In Bedouin society, the application of kohl is also considered a rite of passage into manhood and a marker of singledom. Among the younger Bedouins, there’s a playful acknowledgment of kohl’s impact on one’s appearance: of his heightened good looks after applying kohl, Raed, a 19-year-old Bedouin, jokingly told me in an interview conducted in Petra for my book research, “Do I look like Jack Sparrow, or does Jack Sparrow look like me?’” (In 2010, the cosmetic’s allure spurred the UAE General Authority of Islamic Affairs and Endowments to issue a fatwa, or formal ruling, allowing its use, so long as it wasn’t to attract the opposite sex.)

Entrenched in cultures

Kohl has withstood the test of time, enduring eras of profound upheaval, including wars, colonialism, occupation, the rise and fall of empires, natural disasters, and significant cultural shifts. It has survived prolonged periods of economic tumult, globalization, and changing beauty standards.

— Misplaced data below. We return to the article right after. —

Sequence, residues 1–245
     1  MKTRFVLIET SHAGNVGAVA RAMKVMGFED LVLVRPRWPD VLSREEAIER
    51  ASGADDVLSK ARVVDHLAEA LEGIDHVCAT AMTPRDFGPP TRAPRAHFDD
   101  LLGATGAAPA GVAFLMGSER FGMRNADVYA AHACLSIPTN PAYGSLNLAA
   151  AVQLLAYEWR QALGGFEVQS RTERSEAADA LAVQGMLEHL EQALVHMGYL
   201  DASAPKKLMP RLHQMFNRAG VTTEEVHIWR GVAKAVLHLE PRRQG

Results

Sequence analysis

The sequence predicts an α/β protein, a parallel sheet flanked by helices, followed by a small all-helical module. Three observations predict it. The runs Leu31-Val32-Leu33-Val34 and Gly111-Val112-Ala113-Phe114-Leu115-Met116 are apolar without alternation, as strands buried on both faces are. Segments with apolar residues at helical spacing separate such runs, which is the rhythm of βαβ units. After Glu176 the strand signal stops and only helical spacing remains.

As such, well before eyeliner was adopted as a now-ubiquitous cosmetic in the West, it was already deeply entrenched in Middle Eastern and North African cultures. In the region’s folklore, literature, song, and dance, kohl has been celebrated for centuries. The image of kohl-lined eyes is a recurring motif in various Arab art forms: in poetry, for example, Middle Eastern and Arab women are portrayed as being staggeringly beautiful in part due to their “oyoun al sood” (black eyes) or “oyoun kaheela” (kohl-rimmed eyes.) Kohl is so commonly worn in the area that girls are sometimes named or nicknamed Kahla by their parents or friends, roughly meaning “the girl who appears to have kohl around her eyes.” Kohl is also a feature of many ­millennia-old myths, rituals, and legends. Zarqa al‑­Yamama (Blue Dove), a heroine of pre­-Islamic folklore, was famed for the strength of her eyesight, which was credited to her use of kohl.